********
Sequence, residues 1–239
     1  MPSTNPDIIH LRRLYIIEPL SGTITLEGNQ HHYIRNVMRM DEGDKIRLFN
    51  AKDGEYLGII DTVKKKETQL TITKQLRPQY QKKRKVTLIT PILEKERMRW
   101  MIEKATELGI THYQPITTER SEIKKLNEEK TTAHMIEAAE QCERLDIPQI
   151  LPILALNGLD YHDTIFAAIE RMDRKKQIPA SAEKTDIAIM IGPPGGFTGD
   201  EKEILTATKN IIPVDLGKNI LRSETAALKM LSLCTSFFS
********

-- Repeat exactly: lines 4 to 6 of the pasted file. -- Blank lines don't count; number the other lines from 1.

   101  MIEKATELGI THYQPITTER SEIKKLNEEK TTAHMIEAAE QCERLDIPQI
   151  LPILALNGLD YHDTIFAAIE RMDRKKQIPA SAEKTDIAIM IGPPGGFTGD
   201  EKEILTATKN IIPVDLGKNI LRSETAALKM LSLCTSFFS